The front page of this morning’s New York Times has a thought-provoking article on Gaza, “Civilians as Human Shields? Gaza War Intensifies Debate.” The issues discussed in it are difficult and complex, and the article as a whole is well worth reading. There’s a vast literature out there on human shields, as well as on Gazans-as-human-shields, and it would be silly to try to discuss any large swatch of it in a single blog post. Just two quick observations, then:
(1) People sometimes cavalierly claim that philosophy is irrelevant to “real life,” but this article is a vivid, if unintentional, refutation of that claim. For better or worse, the language of “human shields” (or innocent shields, or innocent threats, etc.) is now all-but-taken for granted in discussions of the ethics of warfare, as is the presumption of civilian or non-combatant immunity from military attack. That wasn’t always the case. Moral philosophers made it the case by making the relevant arguments in “obscure” books and journals, and lawyers followed their lead and institutionalized the philosophers’ claims. Military commanders eventually made compliance with those philosophical and legal principles a matter of “honor.” But the bottom line is that the terms of today’s debates about the war in Gaza were set by the writings of yesterday’s philosophers– specifically by the writings of the generation of philosophers (Walzer, Nozick, Nagel, Judith Thomson, etc.) who achieved academic prominence during the worst days of the Vietnam War, and turned to philosophy as a means of processing what they observed. If that doesn’t count as evidence of philosophy’s relevance to “the real world,” then questions of evidence are themselves irrelevant to the discussion.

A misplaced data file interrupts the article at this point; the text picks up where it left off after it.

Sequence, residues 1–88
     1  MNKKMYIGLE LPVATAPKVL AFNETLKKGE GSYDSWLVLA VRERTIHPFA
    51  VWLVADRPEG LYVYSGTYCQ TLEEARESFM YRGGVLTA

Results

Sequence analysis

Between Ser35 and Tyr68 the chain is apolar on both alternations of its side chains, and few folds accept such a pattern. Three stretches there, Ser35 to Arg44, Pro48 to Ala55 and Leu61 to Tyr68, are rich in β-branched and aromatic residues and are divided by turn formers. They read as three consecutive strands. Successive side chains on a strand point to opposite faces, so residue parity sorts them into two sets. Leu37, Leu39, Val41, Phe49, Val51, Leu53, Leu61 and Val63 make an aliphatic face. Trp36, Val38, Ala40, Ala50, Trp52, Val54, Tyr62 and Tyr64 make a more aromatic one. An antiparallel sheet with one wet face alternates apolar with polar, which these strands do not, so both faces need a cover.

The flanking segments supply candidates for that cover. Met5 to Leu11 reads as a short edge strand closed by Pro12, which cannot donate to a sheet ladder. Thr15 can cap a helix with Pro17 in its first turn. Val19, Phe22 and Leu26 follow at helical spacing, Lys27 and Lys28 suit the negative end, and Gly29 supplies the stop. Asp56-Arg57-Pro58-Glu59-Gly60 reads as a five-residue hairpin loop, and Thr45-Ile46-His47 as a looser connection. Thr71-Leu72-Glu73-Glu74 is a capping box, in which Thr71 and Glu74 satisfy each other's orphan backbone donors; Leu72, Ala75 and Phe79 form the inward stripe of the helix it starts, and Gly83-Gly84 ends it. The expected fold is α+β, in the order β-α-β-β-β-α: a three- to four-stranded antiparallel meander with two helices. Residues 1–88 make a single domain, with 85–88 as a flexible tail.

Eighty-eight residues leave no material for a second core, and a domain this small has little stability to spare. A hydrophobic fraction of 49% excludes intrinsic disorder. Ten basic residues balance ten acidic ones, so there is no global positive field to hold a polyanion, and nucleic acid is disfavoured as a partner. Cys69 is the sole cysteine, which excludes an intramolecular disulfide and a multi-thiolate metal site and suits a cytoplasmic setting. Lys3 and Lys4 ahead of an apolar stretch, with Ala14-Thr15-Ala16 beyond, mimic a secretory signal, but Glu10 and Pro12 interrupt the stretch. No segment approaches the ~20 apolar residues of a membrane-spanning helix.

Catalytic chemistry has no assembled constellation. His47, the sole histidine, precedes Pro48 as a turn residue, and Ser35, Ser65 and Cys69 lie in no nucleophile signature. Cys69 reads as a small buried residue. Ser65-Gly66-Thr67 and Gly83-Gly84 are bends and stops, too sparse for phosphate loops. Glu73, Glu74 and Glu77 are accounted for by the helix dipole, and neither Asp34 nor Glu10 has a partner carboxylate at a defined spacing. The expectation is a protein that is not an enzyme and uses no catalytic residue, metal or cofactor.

(2) In a related article, an unnamed State Department official is quoted as saying the following:
“What we’re trying to figure out is how we can get to the point where the violence can stop and these bigger key issues can be addressed over the longer term,” said a senior State Department official, who asked not to be identified in keeping with the agency’s protocol for briefing reporters.
The biggest key issue is the Israeli occupation and settlement of the West Bank. But American credibility on that issue can be gauged by the fact that the last time it was called on publicly to re-affirm its own assessment of Israel’s settlement policies–at the UN, in 2011–it refused to do so. Putting the point less charitably, it couldn’t summon up the integrity or courage to do so. The US has consistently claimed to be opposed to Israel’s settlement policies but has just as consistently refused to condition support for Israel on Israel’s ending that policy. And so the policy has continued, with pro forma American disapproval, and de facto American support. Any intelligent person would have to wonder how long such a charade could go on.
After almost five decades of this pattern, the State Department wants us–and the Palestinians, and the rest of the world–to take the United States’s supposed interest in “bigger issues” on faith. But fideism doesn’t work in politics anymore than it works anywhere else. Fideism, secular and religious, is after all one of the “root causes” of the Arab-Israeli conflict as such. What makes the US a dishonest broker in the dispute–not that it has to be a broker at all–is its equivocal attitude toward faith-based politics. Unfortunately, that attitude has its basis in philosophy as well–yet another confirmation of philosophy’s relevance to “real life” and of its power over people oblivious to the power it has.